New York's City Council has approved extending the city's strict smoking ban to include electronic cigarettes, which emit a vapor.
The measure was pushed by outgoing Mayor Michael Bloomberg and backed by public health advocates in the city. It comes just weeks after New York became the first major city to raise the age for buying tobacco to 21.
Earlier this month, New York City Health Commissioner Thomas Farley said that "more research is needed on electronic cigarettes," but that "waiting to act could jeopardize the progress we have made over the last few years."
A lettuce thinner created by an agricultural tech startup uses cameras and sensors to thin lettuce rows. Salinas, Calif., has hired a venture capital fund to help it attract other high-tech agricultural companies to the area.
Salinas is just one hour south of California's Silicon Valley, but generations behind when it comes to technology. Many of its sprawling lettuce farms are stuck in the era of rakes and hoes.
City officials are hoping to change that — and also spur some job growth — by investing in high-tech agriculture.
At Taylor Farms in Salinas, Andrew Fernandez, the company's vice president of product, is stepping on heads of crunchy romaine lettuce, making his way over to a very big tractor. It's a water jet knife machine, and it's on the cutting edge of lettuce farming technology.
Closing his set at 92Y Tribeca, drummer Henry Cole — leader of the 11-player Afrobeat Collective from New York and Puerto Rico — told the audience, "Big groups are going to come again!" This show, which features Cole's young collective and a top big band playing the Monterey Jazz Festival, is a vote for that proposition.
Originally published on Mon December 23, 2013 2:50 pm
Emergency contraception has been embroiled in controversy pretty much from the start.
But this year the legal wrangling over who can buy the Plan B One-Step morning-after pill without a prescription came to an end. A federal judge in New York ruled in April that the morning-after pill also had to be made available over the counter to girls 16 and under.
Iranian filmmaker Asghar Farhadi came to international attention last year when his film A Separation won the Oscar for best foreign language film. His latest picture, The Past, has been showered with awards, too — at the Cannes Film Festival and from critics groups in the U.S. I saw The Past in September at the Toronto Film Festival, and it has haunted me ever since.
Originally published on Thu December 19, 2013 5:08 pm
In Oscar Wilde's fairy tale The Selfish Giant, the title character brings eternal winter to his garden by banishing children from it. Writer-director Clio Barnard's film of the same name was inspired by Wilde's fable, yet is much different.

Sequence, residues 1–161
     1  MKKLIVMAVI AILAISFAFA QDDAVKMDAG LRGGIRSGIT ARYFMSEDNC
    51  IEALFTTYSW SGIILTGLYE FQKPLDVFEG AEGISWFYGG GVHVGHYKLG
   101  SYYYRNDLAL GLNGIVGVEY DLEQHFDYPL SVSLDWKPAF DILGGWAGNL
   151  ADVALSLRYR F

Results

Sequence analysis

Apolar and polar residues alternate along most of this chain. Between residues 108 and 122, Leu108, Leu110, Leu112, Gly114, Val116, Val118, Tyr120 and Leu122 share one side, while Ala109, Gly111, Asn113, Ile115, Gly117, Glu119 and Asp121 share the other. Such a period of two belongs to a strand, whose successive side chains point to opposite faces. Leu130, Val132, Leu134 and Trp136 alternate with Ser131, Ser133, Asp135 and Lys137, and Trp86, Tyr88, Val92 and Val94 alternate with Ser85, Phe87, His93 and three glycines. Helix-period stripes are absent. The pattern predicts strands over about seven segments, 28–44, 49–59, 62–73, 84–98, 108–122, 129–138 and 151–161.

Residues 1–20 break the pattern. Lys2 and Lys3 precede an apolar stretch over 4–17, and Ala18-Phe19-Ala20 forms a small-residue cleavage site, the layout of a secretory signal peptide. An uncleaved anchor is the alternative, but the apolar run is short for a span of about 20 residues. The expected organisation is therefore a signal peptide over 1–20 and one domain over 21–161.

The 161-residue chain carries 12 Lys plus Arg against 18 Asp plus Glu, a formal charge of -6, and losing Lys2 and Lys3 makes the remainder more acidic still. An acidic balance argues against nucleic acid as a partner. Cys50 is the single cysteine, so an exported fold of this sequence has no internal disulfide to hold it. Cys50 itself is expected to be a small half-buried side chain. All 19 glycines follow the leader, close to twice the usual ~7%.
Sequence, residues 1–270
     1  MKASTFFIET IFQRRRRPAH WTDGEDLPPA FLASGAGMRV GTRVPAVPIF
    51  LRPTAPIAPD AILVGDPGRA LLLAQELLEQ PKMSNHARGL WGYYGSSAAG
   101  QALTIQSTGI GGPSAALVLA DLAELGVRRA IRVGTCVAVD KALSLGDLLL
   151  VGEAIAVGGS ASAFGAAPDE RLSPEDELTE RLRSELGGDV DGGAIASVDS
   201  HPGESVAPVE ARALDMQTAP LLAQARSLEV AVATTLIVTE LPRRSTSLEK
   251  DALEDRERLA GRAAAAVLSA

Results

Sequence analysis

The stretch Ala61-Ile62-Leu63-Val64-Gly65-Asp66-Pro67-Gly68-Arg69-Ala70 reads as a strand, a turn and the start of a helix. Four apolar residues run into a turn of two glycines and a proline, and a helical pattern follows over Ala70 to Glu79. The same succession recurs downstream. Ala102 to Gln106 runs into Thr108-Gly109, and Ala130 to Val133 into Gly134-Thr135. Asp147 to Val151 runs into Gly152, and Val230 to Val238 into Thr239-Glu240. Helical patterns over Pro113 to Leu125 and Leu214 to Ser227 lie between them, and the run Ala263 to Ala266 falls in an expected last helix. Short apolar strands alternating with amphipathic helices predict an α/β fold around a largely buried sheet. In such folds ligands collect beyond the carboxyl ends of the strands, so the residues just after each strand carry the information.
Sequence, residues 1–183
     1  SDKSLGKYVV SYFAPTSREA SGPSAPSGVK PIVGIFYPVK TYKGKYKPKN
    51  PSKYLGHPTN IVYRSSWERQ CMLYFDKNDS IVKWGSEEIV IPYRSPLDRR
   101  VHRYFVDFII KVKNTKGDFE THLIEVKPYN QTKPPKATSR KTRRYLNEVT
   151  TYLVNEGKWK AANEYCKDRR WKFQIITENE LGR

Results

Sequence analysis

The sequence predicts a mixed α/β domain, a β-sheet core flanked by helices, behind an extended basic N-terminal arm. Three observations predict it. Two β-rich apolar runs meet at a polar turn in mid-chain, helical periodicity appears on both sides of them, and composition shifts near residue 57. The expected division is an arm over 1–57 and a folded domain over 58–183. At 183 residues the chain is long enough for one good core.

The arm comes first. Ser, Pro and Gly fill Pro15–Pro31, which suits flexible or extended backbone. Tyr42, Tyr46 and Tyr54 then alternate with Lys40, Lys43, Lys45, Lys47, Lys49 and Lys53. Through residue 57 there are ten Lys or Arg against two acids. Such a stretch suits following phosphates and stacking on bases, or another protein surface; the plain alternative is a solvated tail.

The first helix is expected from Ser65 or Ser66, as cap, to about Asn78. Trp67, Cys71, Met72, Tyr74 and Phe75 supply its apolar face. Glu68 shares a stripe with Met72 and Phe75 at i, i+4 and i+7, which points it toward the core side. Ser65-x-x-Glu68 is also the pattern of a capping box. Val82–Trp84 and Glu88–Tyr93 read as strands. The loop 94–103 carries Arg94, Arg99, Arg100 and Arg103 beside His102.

The original story was for kids; the movie is about kids, but its grim depictions of violence against innocents may be too harrowing even for some adults. Yet the movie is engrossing, and sure to linger long after its poignant culmination.
President Obama heads to Hawaii on Friday. He goes there for Christmas every year and always talks about how good it is to get away from Washington. This year, that's likely to be especially true.
It's been a rough year for the president, starting with the very first hours of 2013.
One year ago, when the ball dropped on Times Square and people sang "Auld Lang Syne," Obama was supposed to be in Honolulu. Instead, he was in Washington as the country went over the so-called fiscal cliff.
Rep. Charles Rangel, the third-longest-serving member of Congress, announced Thursday he will seek a 23rd term in office next year.
There had been speculation that the New York Democrat, a veteran member of the powerful Ways and Means Committee, would retire at the end of this term. But the 83-year-old Rangel, who could face a tough primary, said he still has "unfinished business" to tend to in the House.
Originally published on Thu December 19, 2013 3:07 pm
Dennis Rodman arrived in North Korea on Thursday for his third visit this year to the hard-line Stalinist country, saying he will train the country's national basketball team and see his "friend," leader Kim Jong Un.
In a high-school locker room in small-town Indiana, a coach is tearing into his basketball team. The Medora Hornets have scored zero points — none at all — in the game's fourth quarter.
In Medora, the hapless team becomes a kind of metaphor for the town itself — "a no-stoplight town," in the words of documentarian Davy Rothbart, one where the jobs have dried up and the population has dwindled.
A review panel convened by the White House released its report on surveillance by the National Security Agency Wednesday. Among concerns the task force has are NSA practices that some say deliberately weaken America's cyber security. The Electronic Frontier Foundation has been critical about surveillance activities, and Mark Rumold, staff attorney for the organization, tells Audie Cornish about the pros and cons of the panel's recommendations.